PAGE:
Anonymous, 5 Apr 2020
Research on Middle East, Islam and digital media
keyword: identity

Book: Terrorist Transgressions: Gender and the Visual Culture of the Terrorist

This book explores how the terrorist is represented and the processes through which they have subsumed so many popular cultural myths. It discusses how a terrorist's capacity for destruction can be linked to their appropriation or rejection of gender stereotypes and includes essays on masculinities in post-conflict Northern Ireland, gendered insurgency, the colonial state of exception, Oedipal rivalries, the German Red Army Faction, masculinity in Fox television saga 24 and Anders Behring Breivik's sartorial code. In addition to essays that debate the broad imagery that surrounds terrorism's visual cultures it includes pages by artists who question the role of censorship and the physiognomy of evil.

Book: Branding Terror: The Logotypes and Iconography of Insurgent Groups and Terrorist Organizations

The book is the first comprehensive survey of the visual identity of the world’s major terrorist organizations, from al-Qaeda and the Popular Front for the Liberation of Palestine to the Tamil Tigers. Each of the 60-plus entries contains a concise description of the group’s ideology, leadership and modus operandi, and a brief timeline of events. The group’s branding – the symbolism, colours and typography of its logo and flag – is then analysed in detail. Branding Terror does not seek to make any political statements; rather, it offers insight into an understudied area of counter-intelligence, and provides an original and provocative source of inspiration for graphic designers.

Book: The Relationship between Rhetoric and Terrorist Violence

This book presents findings from a research which examined whether linguistic content analysis can indicate whether groups will engage in terrorist violence. Specifically, this project brought together several researchers who have developed manual and automated coding systems to analyse documents issued by Central al Qa’ida and al Qa’ida in the Arabian Peninsula, and two non-terrorist comparison groups. The intention has been to test whether linguistic content analysis can first, distinguish the language of terrorist groups from that of non-terrorist groups and second, provide indicators of specific terrorist attacks.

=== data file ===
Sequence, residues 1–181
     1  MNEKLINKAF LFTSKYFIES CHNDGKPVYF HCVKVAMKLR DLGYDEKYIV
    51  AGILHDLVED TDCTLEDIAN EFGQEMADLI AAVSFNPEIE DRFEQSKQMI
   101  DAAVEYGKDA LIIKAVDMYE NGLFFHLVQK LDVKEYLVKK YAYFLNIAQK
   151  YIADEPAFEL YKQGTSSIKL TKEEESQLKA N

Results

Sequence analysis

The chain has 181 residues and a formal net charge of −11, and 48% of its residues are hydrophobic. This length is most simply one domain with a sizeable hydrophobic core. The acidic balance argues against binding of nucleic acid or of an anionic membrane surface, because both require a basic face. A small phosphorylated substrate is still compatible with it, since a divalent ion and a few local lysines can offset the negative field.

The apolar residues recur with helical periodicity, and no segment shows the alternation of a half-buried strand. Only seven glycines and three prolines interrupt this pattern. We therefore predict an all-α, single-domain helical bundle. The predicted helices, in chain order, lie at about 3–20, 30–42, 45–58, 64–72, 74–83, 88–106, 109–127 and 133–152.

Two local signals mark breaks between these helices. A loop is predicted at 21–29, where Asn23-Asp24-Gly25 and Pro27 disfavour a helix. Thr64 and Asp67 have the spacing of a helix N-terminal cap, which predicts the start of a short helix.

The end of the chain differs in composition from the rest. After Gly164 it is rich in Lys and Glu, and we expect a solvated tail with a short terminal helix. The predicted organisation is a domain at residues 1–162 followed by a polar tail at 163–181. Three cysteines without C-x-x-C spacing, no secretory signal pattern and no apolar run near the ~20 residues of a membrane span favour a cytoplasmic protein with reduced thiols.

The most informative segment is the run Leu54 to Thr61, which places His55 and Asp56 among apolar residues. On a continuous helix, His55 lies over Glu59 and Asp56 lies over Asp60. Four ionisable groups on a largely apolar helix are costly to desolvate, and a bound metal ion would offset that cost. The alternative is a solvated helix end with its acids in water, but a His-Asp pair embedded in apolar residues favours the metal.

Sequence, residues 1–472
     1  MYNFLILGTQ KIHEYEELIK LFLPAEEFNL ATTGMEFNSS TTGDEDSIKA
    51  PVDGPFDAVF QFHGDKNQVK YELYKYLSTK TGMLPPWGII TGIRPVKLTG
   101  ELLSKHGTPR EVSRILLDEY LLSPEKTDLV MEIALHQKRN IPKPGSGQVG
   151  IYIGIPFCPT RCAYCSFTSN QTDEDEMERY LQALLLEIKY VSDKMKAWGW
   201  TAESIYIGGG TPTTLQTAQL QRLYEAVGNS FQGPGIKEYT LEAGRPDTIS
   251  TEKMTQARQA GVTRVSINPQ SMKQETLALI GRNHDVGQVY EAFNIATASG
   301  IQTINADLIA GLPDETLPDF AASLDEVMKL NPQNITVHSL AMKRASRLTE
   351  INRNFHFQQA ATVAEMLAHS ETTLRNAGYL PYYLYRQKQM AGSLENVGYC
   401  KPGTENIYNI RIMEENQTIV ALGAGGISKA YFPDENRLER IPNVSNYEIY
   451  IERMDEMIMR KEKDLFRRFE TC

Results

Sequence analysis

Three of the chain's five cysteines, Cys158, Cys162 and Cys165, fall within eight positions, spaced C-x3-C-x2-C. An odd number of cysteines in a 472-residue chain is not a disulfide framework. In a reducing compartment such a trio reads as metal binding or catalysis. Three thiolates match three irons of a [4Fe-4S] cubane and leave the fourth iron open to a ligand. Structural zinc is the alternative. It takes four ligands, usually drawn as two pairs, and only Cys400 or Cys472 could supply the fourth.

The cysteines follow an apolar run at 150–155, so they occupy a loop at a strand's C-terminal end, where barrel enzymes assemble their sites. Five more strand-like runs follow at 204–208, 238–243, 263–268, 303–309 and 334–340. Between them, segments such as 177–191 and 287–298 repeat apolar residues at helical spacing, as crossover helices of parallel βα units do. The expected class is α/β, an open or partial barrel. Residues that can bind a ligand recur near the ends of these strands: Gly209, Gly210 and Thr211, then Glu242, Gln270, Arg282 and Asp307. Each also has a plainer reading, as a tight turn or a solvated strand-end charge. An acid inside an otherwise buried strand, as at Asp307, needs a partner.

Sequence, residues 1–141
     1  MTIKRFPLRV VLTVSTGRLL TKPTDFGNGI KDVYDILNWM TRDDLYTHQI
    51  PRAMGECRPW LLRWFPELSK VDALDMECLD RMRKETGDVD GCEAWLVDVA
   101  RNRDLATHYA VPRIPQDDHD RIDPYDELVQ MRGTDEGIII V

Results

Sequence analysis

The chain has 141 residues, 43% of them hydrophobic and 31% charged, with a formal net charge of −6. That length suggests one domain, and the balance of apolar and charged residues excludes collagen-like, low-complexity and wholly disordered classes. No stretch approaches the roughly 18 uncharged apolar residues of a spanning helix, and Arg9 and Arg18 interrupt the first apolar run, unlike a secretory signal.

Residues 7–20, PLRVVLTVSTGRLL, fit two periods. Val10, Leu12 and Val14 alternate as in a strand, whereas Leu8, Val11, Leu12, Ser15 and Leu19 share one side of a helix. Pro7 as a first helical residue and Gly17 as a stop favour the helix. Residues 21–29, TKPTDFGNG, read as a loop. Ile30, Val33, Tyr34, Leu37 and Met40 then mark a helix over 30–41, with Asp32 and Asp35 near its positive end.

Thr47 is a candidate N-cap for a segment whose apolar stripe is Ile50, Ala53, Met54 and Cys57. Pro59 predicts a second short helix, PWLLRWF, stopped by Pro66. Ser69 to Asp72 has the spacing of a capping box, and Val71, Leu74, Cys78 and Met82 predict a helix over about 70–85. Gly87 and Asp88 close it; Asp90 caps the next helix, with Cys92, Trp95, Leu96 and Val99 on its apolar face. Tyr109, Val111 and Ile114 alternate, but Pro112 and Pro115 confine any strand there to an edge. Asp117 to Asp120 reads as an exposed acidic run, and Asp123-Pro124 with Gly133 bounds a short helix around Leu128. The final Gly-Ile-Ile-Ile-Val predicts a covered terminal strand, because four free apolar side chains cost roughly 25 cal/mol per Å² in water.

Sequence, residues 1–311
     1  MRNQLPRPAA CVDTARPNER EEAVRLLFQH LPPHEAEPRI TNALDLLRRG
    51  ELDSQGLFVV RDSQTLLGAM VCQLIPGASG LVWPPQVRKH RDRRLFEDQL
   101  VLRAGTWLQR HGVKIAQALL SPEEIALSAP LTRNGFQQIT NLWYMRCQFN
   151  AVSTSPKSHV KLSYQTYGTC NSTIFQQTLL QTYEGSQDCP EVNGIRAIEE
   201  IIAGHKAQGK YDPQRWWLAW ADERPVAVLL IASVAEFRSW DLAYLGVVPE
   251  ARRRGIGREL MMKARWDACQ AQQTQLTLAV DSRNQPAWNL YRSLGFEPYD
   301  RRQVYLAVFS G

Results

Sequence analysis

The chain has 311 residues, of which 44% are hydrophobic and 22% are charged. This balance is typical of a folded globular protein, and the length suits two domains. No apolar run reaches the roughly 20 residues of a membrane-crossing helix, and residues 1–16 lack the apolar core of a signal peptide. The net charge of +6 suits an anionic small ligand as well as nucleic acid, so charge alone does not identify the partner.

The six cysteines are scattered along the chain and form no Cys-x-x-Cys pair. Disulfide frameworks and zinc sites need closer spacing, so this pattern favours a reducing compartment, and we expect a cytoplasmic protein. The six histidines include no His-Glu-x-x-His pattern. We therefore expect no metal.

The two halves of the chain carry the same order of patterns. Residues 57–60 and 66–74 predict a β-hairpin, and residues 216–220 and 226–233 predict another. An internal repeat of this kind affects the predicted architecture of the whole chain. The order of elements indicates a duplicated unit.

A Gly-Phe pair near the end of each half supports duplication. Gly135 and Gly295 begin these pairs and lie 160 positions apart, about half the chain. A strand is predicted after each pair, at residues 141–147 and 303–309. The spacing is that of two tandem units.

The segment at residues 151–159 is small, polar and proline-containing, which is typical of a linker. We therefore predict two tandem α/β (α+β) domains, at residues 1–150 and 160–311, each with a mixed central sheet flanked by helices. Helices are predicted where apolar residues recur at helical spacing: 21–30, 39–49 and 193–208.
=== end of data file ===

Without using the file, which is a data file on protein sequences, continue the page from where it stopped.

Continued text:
New Book: Representing Multiculturalism in Comics and Graphic Novels

This book presents a wide ranging survey of the ways in which comics have dealt with the diversity of creators and characters and the (lack of) visibility for characters who don’t conform to particular cultural stereotypes. Contributors engage with ethnicity and other cultural forms from Israel, Romania, North America, South Africa, Germany, Spain, U.S. Latino and Canada and consider the ways in which comics are able to represent multiculturalism through a focus on the formal elements of the medium. Discussion themes include education, countercultures, monstrosity, the quotidian, the notion of the ‘other," anthropomorphism, and colonialism.

Book: Paradoxes of Liberal Democracy: Islam, Western Europe, and the Danish Cartoon Crisis

The book shows how the majority of ordinary Danish citizens provided a solid wall of support for the rights of their country’s growing Muslim minority, drawing a sharp distinction between Muslim immigrants and Islamic fundamentalists and supporting the civil rights of Muslim immigrants as fully as those of fellow Danes—for example, Christian fundamentalists. Building on randomized experiments conducted as part of large, nationally representative opinion surveys, Paradoxes of Liberal Democracy also demonstrates how the moral covenant underpinning the welfare state simultaneously promotes equal treatment for some Muslim immigrants and opens the door to discrimination against others.

Book: Arab TV-Audiences: Negotiating Religion and Identity